Delgado said the technology used by the companies creates accountability, because riders get to see drivers’ profiles on their smartphones and can rate the driver and the vehicle.
Ridesharing services operating in Baton Rouge, under the ordinance, will be required to do background checks on potential drivers, inspect vehicles, establish zero-tolerance policies for drug and alcohol use, and prohibit riders from “street hails.”
Baton Rouge isn’t the only Louisiana city considering opening the door to these companies. The possibility of New Orleans loosening existing limo and taxi regulations took center stage during a City Council committee debate on Tuesday, as council members there took up a proposal by Mayor Mitch Landrieu’s administration that would allow ridesharing companies to offer at least some services. The topic provoked hours of debate and the panel decided not to vote, but instead to revisit the issue next month.
Wyckoff noted that many of the ridesharing companies allow drivers to use their existing auto insurance policies, rather than requiring commercial insurance. That potentially could create coverage gaps for the riders and drivers depending on the insurance plan, he argued.
In March, Uber announced it would expand insurance coverage for some of its drivers in the event they’re involved in an accident, which kicks in only if the driver’s personal insurance fails to cover an incident. The announcement came a couple months after an Uber driver killed a 6-year-old crossing a street in San Francisco. Uber is continuing to fight a lawsuit filed by the girl’s family in court, saying the company is not at fault because the independently contracted driver was not actively carrying or responding to a request for a fare at the time of the crash.
Uber, one of the first and best-known ridesharing services, is already advertising for drivers in the Baton Rouge area. It operates in 128 cities across the world.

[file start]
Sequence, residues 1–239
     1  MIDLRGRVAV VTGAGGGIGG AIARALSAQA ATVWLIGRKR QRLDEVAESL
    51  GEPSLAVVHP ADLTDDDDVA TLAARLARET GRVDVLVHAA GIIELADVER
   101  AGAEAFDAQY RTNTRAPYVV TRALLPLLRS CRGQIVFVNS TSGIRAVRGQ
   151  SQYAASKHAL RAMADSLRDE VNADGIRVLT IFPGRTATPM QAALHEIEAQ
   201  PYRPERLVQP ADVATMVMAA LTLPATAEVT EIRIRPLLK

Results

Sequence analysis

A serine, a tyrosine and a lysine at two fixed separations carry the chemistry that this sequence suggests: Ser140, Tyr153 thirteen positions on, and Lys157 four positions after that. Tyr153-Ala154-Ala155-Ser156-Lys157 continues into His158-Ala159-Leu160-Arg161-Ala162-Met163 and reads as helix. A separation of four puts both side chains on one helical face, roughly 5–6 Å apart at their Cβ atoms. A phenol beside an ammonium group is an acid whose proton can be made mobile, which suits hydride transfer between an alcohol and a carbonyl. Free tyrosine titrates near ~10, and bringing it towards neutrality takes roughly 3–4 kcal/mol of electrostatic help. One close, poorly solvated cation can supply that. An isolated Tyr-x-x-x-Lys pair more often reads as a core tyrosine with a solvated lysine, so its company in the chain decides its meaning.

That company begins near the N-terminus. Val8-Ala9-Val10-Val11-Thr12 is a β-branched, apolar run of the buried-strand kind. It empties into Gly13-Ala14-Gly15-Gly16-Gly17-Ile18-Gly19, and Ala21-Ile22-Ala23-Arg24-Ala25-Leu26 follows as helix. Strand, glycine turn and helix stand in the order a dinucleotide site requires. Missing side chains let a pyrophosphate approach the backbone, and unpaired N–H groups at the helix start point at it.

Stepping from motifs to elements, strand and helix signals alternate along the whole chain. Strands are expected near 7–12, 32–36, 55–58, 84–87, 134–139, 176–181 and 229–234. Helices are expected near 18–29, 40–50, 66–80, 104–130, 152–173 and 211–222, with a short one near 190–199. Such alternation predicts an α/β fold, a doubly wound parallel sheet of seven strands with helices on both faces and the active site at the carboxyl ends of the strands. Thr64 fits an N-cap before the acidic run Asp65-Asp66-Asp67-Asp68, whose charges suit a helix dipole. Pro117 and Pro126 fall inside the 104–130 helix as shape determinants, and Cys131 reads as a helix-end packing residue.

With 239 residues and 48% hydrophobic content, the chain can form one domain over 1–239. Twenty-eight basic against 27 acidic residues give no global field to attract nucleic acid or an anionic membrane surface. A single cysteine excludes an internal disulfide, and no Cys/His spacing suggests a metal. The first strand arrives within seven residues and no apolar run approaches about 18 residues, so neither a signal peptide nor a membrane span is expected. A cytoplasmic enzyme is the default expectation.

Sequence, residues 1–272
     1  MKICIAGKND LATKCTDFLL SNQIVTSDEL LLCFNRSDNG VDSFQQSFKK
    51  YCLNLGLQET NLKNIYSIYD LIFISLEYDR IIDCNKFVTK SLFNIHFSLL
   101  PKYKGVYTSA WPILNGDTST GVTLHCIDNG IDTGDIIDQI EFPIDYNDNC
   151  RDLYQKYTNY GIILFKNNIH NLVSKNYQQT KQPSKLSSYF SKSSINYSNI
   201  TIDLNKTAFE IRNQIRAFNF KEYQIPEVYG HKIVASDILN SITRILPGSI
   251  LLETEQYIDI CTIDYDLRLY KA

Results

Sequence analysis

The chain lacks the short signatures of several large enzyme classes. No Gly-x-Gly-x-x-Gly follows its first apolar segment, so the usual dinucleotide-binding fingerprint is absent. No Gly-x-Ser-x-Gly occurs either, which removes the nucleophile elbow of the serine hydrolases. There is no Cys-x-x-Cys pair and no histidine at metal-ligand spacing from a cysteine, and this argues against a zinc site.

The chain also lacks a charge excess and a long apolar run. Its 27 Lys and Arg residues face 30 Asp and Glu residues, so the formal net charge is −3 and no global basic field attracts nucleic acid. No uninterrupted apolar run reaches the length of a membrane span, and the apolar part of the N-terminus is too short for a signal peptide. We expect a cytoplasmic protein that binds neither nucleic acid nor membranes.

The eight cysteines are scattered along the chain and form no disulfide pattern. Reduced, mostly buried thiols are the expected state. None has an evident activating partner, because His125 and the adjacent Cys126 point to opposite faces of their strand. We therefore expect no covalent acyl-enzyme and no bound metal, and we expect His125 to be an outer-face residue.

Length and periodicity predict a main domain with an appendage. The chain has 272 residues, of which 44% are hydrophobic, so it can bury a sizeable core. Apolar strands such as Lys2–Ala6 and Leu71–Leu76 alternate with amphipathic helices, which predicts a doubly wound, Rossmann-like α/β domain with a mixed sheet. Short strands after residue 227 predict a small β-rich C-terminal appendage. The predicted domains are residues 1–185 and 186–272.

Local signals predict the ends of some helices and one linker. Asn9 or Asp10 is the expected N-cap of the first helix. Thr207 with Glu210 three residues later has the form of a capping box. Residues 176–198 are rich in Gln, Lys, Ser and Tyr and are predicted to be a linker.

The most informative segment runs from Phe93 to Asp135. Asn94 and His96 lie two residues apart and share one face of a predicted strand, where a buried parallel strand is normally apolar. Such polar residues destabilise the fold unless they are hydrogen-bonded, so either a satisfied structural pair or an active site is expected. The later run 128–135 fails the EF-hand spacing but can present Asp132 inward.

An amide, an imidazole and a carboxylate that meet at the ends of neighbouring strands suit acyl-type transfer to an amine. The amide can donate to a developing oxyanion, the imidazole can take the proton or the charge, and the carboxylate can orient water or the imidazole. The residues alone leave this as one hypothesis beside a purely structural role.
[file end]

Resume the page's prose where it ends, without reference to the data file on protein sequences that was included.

Wyckoff said Yellow Cab is investing in its fleet and service to meet the growing demand for taxi services. He said his company now offers most every convenience offered by the ridesharing companies — such as phone apps and the ability to accept credit cards. Yellow Cab has about 105 cabs, and there are about 150 taxis operating in the parish.
Cab companies also are preparing to increase their presence downtown, Wyckoff said, as they work with city officials to create more waiting areas.
“The problem, as anyone will tell you, is there’s no parking in downtown Baton Rouge, and you can’t park on Third Street,” he said. Third Street has the highest concentration of bars and restaurants downtown.
Nationwide, as popularity of the ridesharing companies continues to grow, so does the opposition and the legal challenges.
As recently as this month, the state of Virginia levied more than $35,000 in civil penalties on Uber and Lyft for operating without proper permits, and the Pennsylvania Public Utility commission issued a cease-and-desist order against Uber, according to news reports.
In San Francisco, cab drivers filed a class-action lawsuit against Uber, citing unfair practices that are cutting into their businesses.
“If they’re such a good company, why do they have notable lawsuits in every city they’re in?” Wyckoff said. “Why would anyone want to bring in a company with that much baggage?”
Delgado chalked up the litigation to a powerful incumbent industry protecting its turf.
“The taxicab industry has done a very good job of fighting innovation and change,” he said.